As of the census of 2010, there were 1,028 people, 454 households, and 284 families living in the town. The population density was 20.2 inhabitants per square mile (7.8/km2). There were 668 housing units at an average density of 13.1 per square mile (5.1/km2). The racial makeup of the town was 97.7% White, 0.2% African American, 0.3% Asian, and 1.8% from two or more races. Hispanic or Latino of any race were 1.1% of the population.
There were 454 households, of which 26.4% had children under the age of 18 living with them, 47.8% were married couples living together, 8.8% had a female householder with no husband present, 5.9% had a male householder with no wife present, and 37.4% were non-families. 30.6% of all households were made up of individuals, and 11.9% had someone living alone who was 65 years of age or older. The average household size was 2.26 and the average family size was 2.76.
The median age in the town was 45.5 years. 21.7% of residents were under the age of 18; 4.8% were between the ages of 18 and 24; 22.9% were from 25 to 44; 34.6% were from 45 to 64; and 16.1% were 65 years of age or older. The gender makeup of the town was 48.6% male and 51.4% female.
As of the census of 2000, there were 990 people, 407 households, and 275 families living in the town. The population density was 19.4 people per square mile (7.5/km2). There were 626 housing units at an average density of 12.3 per square mile (4.7/km2). The racial makeup of the town was 98.79% White, 0.10% African American, 0.51% Native American, 0.10% Asian, and 0.51% from two or more races. Hispanic or Latino of any race were 0.40% of the population.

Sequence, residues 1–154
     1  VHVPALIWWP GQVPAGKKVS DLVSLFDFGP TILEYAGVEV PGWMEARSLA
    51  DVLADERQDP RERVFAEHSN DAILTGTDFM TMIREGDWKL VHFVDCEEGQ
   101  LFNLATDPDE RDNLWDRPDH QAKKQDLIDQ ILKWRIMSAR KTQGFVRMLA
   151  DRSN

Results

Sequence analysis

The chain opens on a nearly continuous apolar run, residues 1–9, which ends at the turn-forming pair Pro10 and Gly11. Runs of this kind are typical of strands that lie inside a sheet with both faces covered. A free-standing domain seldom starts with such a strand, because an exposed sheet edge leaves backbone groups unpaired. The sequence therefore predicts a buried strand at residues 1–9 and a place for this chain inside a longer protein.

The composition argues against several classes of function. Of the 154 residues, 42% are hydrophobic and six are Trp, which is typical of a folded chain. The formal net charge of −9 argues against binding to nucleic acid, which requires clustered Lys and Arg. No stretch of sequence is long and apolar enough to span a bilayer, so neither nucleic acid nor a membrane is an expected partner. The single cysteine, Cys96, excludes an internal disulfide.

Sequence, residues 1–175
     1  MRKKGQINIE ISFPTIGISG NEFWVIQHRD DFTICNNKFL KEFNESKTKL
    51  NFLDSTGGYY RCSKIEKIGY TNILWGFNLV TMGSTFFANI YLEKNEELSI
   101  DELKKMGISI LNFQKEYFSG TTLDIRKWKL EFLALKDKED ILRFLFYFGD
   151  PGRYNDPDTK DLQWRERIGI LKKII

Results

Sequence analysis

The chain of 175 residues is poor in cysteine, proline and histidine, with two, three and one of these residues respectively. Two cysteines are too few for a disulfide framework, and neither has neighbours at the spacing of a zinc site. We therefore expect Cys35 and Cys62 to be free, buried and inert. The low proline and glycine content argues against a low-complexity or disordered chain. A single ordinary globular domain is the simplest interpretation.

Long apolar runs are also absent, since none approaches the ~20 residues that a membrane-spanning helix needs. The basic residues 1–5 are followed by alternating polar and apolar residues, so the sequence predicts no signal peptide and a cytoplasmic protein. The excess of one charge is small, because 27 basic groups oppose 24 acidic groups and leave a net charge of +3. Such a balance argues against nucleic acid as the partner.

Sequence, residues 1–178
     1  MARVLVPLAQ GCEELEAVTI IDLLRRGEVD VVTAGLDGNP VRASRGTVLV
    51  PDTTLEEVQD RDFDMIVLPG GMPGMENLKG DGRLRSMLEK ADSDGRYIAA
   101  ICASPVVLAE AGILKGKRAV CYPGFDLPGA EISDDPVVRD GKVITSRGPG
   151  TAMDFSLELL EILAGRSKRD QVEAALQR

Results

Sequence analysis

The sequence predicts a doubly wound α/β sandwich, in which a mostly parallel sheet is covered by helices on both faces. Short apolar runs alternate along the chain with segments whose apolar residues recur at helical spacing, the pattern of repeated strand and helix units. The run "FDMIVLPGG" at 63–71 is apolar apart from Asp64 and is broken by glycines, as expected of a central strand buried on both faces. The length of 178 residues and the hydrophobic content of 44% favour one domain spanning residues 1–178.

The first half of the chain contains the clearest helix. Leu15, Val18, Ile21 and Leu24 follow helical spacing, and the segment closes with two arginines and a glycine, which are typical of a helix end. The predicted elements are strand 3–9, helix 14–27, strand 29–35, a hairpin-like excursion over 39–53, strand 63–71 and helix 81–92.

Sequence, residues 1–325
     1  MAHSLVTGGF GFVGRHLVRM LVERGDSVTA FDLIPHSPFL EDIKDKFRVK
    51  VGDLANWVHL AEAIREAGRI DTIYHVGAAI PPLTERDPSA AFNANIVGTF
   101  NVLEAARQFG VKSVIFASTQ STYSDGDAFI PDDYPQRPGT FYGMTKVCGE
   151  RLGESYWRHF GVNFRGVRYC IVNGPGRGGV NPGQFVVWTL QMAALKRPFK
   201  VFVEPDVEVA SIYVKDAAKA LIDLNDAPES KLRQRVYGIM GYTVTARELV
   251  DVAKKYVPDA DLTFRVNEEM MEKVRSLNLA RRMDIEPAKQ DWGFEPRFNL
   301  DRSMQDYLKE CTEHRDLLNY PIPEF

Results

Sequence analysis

There were 407 households, out of which 29.0% had children under the age of 18 living with them, 54.8% were married couples living together, 9.1% had a female householder with no husband present, and 32.2% were non-families. 25.8% of all households were made up of individuals, and 11.8% had someone living alone who was 65 years of age or older. The average household size was 2.43 and the average family size was 2.83.
In the town, the population was spread out, with 23.8% under the age of 18, 5.9% from 18 to 24, 28.3% from 25 to 44, 28.8% from 45 to 64, and 13.2% who were 65 years of age or older. The median age was 40 years. For every 100 females, there were 97.2 males. For every 100 females age 18 and over, there were 94.3 males.
The median income for a household in the town was $30,579, and the median income for a family was $32,284. Males had a median income of $26,413 versus $19,250 for females. The per capita income for the town was $13,840. About 9.3% of families and 16.7% of the population were below the poverty line, including 20.6% of those under age 18 and 20.5% of those age 65 or over.